How did John Boehner's opponent get his campaign ad to go viral? Humor.

The latest viral campaign video spoofs an ad for a virility drug. Not bad for a French teacher trying to unseat House Speaker John Boehner. Humor has been a staple of 2014's best political ads.

Bill Neibergall/The Des Moines Register/AP/File
State Sen. Joni Ernst, seen here during a debate for Iowa's open US Senate seat last month, has perhaps the most memorable campaign ad of the year so far, though a new one by an opponent of House Speaker John Boehner in Ohio makes the list.

More money than ever is sloshing around political campaigns, which means more ads and more competition for attention. So how does a lesser-known candidate break through? With humor.

Take J.D. Winteregg, one of three Republicans challenging House Speaker John Boehner (R) of Ohio for his House seat. Mr. Winteregg’s campaign is the longest of long shots, but the tea partyer has put his name on the map with a video ad that has gone viral.

Called “When the Moment is Right,” it spoofs the ad for the virility drug Cialis – you know, the one where the couple winds up in separate bath tubs (which we’ve never quite understood). Winteregg’s humor is a tad suggestive for a family-friendly website, but we’ll go there, gently: It revolves around “electile dysfunction” and several other PG-13 topics.

Electile dysfunction “could be a question of blood flow,” the narrator says. “Sometimes when a politician has been in D.C. too long, it goes to his head and he just can’t seem to get the job done.”

There are more jabs at the speaker for his famous tan, his affinity for cigarettes, and his love of golf, which he has played with President Obama on at least one occasion.

The Winteregg video, posted on YouTube Sunday night, is closing in on 100,000 views and has gotten play on cable news. That qualifies it as a viral hit – no mean feat for a 30-something French teacher.  

The record for most-viewed ad this cycle may belong to Joni Ernst, one of five Republicans running for their party’s nomination for the open Senate seat in Iowa.

The state senator’s opening line is a grabber: “I’m Joni Ernst. I grew up castrating hogs on an Iowa farm,” she says. “So when I get to Washington I’ll know how to cut pork.”

She ends with, “Washington’s full of big spenders. Let’s make ’em squeal.”

The footage of adorable pigs is also grabby. Late night comedians ate up the 30-second spot, which has more than 500,000 hits on YouTube. And unlike Winteregg, Ms. Ernst actually has a shot at winning the June 3 primary, which means there should be an encore.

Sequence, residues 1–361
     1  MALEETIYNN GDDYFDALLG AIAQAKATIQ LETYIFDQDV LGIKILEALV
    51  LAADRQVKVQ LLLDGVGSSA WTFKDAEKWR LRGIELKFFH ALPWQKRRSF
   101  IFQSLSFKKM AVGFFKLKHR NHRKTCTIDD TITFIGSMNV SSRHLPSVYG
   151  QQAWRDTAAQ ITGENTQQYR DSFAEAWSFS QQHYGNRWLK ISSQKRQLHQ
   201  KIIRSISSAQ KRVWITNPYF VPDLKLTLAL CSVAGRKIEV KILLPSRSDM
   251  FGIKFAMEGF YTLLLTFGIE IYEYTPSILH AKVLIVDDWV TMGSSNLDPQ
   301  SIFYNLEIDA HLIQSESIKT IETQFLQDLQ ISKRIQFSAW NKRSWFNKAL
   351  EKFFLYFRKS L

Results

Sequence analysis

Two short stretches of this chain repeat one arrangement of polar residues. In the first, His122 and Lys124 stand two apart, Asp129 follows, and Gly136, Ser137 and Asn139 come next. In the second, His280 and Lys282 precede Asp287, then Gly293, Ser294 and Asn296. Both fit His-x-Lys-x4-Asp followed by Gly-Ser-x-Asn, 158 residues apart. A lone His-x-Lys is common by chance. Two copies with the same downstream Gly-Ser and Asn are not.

"Of course, our goal was for people to watch long enough to learn about Joni Ernst," Lori Raad, the consultant behind the ad, told NPR. "I wouldn't have guessed that people would've linked to it to this extent, although you always hope."

Some old themes have come back this cycle, such as the candidate showing off his firearms prowess by shooting a piece of legislation. In 2010, Democratic Senate candidate Joe Manchin of West Virginia literally took aim at his own party’s environmental legislation, known as “cap and trade.”

Democrats weren’t too happy with the ad, but Mr. Manchin won the race. They were happy about that.

This cycle, it’s a GOP House candidate in Alabama, Will Brooke, wielding various firearms in a show of Second Amendment support as he shoots a rather hefty printout of the Obamacare law.

But let’s get back to funny. Georgia’s lively GOP Senate primary has given us two good ones. The first is just 15 seconds, and it’s for Rep. Paul Broun, a tea partyer.  

It begins with just words on the screen – “Should House Republicans surrender on amnesty for illegals or raising the debt ceiling?” – and the sound of footsteps.

In walks Congressman Broun, who stops, turns to the camera, and shouts, “No!”

OK, it’s not laugh out loud material, but it makes its point. And it’s short.

The leader in the Senate primary, businessman David Perdue, produced the more memorable image, a five-minute ad that introduced him to Georgia voters.

Part-way through, at 2:46, comes the money shot: a bunch of crying babies sitting on the floor, each in a white onesie with his or her name on it – the names of all his opponents in the Republican primary. It’s hard to beat babies for grabbing attention. Unless you’ve got squealing pigs and a female politician talking castration.

In February, the Atlantic online declared that the Georgia Senate race had the best ads of 2014 – so far. Now it's April, and the competition is heating up. What next, more demon sheep?

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